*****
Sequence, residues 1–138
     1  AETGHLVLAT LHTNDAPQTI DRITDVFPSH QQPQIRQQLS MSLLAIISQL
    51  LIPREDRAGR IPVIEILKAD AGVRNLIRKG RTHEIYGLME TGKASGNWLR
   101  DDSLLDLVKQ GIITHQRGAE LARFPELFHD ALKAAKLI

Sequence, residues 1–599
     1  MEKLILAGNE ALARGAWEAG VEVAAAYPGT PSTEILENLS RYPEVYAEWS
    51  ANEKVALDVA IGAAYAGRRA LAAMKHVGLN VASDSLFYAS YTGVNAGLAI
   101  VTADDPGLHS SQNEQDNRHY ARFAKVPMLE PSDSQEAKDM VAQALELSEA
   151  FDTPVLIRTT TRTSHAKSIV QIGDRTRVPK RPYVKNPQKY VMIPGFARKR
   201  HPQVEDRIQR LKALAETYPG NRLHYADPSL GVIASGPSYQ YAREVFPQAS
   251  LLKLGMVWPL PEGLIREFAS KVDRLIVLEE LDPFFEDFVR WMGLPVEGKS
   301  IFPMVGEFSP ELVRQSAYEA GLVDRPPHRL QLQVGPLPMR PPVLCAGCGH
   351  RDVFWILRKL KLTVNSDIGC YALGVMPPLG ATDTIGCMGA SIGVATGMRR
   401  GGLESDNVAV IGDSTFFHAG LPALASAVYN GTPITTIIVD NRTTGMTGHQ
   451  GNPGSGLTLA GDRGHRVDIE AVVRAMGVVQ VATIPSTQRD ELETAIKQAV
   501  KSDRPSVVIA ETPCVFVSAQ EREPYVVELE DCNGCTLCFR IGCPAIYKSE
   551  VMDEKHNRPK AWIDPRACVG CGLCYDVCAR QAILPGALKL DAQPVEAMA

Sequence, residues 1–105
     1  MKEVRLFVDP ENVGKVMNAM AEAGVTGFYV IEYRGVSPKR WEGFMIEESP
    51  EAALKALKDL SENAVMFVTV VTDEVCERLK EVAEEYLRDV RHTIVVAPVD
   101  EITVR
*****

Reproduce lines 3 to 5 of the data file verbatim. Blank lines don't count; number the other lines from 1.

    51  LIPREDRAGR IPVIEILKAD AGVRNLIRKG RTHEIYGLME TGKASGNWLR
   101  DDSLLDLVKQ GIITHQRGAE LARFPELFHD ALKAAKLI

Sequence, residues 1–599